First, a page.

Belief is a state of mental acceptance without evidenceEdit
EDIT - I removed one example of a definition which did not fit the meaning of the word "belief". It made a statement about research leading to belief - however a belief is not founded in evidence, and therefore not in research. Secondly, I reposted the primary definition of "belief" as evidenced in any major dictionary. BELIEF is a state, and it is a state of mental acceptance without evidence - whereas knowledge is a state of mental acceptance WITH evidence. This is the primary meaning of BELIEF, which overshadows and encompasses most of the other definitions below it. Thusly it should remain at the top.
- Thank you for your thoughtful contribution(s) to Wiktionary. The reason they were rolled back (again) is because the alternate meanings are commonly used by people. If you add your explanation as to why one particular usage should be avoided, it belongs then in a usage note. If you maintain that people don't actually use the alternate meanings, I must disagree. Please do not reorder definitions. Translations often depend on the order they appear. Since you didn't correct the numbering, you obviously are doing more harm than good (albeit well intentioned.) --Connel MacKenzie 00:22, 5 August 2005 (UTC)
- Ugh. Rolled back to wrong version. Sorry! --Connel MacKenzie 01:41, 5 August 2005 (UTC)
- I find it increasingly difficult to believe that your edits are of a neutral nature. I'm sorry that you seem to have a reason for wanting your particular changes in your particular way. Please suggest the changes you'd like made to the article, here on the talk page, with your detailed explanation as to why. --Connel MacKenzie 09:19, 9 August 2005 (UTC)
EDIT - I removed the words "without evidence" form the previous definition. Common usage of the word "belief" does not distinguish between whether or not there is evidence to support the conceptual mental acceptance. In fact, most dictionaries clearly have both definitions. We already have another word "faith" that usually means "without evidence." However, I must say that I do not know of any belief, even faith, held by any person that is totally without evidence. No one believes or learnes anything totally void of evidence. Furthermore, we are even willing to accept the opinions of others as evidence in legal actions, and even kill people (legally) based only on the "testimony" of some other person. If the word "belief" does not cover all mental conceptual acceptance from accurate knowledge through false or inaccurate opinion, form truth to error, and also to cover faith and will, what is the word that does?
Joe Reeves 16:40, 15 September 2005
- Please consider creating an account. Please sign edits you make on talk pages with ~~~~. Thanks. --Connel MacKenzie [ ] (contribs) 23:51, 15 September 2005 (UTC)
Belief does not necessarily have to occur with or without evidence. It is the assurance that something is true despite and outside of the limits of physical evidence. Belief is something that can exist outside of the rational. It is something that you have a deep conviction about and it doesn't matter what the evidence does and does not point to.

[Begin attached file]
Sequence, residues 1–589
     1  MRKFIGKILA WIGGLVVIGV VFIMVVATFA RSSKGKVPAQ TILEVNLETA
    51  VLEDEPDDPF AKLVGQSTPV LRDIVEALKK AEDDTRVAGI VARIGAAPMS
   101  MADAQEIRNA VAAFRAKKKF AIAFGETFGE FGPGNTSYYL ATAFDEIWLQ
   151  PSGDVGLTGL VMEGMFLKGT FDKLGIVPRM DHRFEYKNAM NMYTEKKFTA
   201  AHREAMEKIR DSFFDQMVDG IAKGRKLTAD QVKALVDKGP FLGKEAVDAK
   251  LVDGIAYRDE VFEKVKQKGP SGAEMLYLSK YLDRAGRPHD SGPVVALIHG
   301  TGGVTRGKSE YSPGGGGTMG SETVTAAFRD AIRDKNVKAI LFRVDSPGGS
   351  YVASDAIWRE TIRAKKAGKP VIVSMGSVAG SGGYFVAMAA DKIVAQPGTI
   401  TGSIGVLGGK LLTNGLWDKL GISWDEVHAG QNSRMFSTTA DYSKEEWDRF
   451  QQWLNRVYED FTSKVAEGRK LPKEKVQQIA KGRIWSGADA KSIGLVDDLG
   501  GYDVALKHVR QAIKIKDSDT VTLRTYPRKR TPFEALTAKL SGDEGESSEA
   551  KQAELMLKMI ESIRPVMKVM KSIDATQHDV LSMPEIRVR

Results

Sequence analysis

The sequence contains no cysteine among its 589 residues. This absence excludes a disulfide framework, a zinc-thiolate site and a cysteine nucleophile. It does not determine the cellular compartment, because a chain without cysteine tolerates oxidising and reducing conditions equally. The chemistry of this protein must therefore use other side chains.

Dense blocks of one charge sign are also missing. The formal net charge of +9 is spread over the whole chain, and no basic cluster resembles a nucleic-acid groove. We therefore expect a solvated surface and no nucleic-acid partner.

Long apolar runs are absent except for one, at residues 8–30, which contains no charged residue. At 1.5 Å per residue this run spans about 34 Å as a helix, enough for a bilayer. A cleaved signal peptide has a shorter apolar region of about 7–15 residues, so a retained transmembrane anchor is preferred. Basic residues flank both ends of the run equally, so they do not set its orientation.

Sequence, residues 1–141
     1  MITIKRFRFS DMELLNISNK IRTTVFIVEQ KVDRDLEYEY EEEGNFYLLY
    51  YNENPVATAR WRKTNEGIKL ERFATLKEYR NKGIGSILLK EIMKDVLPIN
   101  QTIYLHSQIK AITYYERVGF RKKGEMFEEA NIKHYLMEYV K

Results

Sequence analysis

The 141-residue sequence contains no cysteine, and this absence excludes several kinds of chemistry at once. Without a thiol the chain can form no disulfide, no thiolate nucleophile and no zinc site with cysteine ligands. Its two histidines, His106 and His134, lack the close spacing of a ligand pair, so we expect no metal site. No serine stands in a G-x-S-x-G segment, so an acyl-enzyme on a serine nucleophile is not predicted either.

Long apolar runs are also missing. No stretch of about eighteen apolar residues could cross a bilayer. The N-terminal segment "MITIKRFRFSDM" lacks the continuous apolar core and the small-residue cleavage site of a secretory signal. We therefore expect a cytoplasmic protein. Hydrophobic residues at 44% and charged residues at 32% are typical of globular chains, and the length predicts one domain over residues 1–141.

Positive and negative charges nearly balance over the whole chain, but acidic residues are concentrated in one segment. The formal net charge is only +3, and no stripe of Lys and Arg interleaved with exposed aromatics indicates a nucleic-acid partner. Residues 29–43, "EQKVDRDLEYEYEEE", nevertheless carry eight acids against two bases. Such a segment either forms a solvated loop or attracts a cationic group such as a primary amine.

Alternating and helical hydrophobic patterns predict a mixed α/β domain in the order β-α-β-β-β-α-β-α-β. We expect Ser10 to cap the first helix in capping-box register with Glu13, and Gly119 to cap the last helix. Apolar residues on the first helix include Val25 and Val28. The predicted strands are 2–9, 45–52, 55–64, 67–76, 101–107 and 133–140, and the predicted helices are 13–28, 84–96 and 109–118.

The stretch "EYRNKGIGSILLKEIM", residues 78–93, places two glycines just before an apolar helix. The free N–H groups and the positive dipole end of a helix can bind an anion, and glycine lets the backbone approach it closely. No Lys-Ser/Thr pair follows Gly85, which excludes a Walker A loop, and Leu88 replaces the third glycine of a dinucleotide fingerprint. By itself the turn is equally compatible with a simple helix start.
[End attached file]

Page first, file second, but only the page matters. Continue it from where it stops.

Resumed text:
Suggestion: Please forgive my ignorance about Wiktionary protocol,but I'd like to propose the following as an additional, very broad, definition: "a strategy for rationalizing our observations and interpretations" I know of no usage and comes from my own reasoning.[KAcoose]
"(process) A wishing of case or circumstance to be true (be + 'lief' --> be + wished)."
Huh? Kappa 04:23, 23 February 2007 (UTC)
- It's cleverly done, but I suspect it might be satirical. A possible candidate for WT:BJAODN? RobbieG 13:49, 11 March 2007 (UTC)
"Regardless of supporting evidence"Edit
EDIT - Someone keeps restricting the primary definition with modifiers like “regardless of supporting evidence”. This simply doesn't match usage; belief is still belief when it has supporting evidence, and when it does not. So I have removed that modifier from the definition. 188.8.131.52 07:11, 31 December 2012 (UTC)
- "Regardless of", in this sentence, means "it doesn't make any difference". In other words, it's not saying it can't be belief if there's supporting evidence, but that it's belief whether there's supporting evidence or not. You're removing language that agrees with you. Chuck Entz (talk) 00:59, 1 January 2013 (UTC)
- But this reasoning is self-defeating: if belief occurs regardless of X, then X is not relevant to belief. One might as reasonably say that belief occurs "regardless of one's current employment status" or "regardless of one's criminality." Belief does occur regardless of these things, which is precisely why they are irrelevant and should not be included in the definition. I'll leave it as it stands for the moment, but by introducing an irrelevancy, it adds a tendentious feel to the definition. Ansric (talk) 22:35, 17 June 2013 (UTC)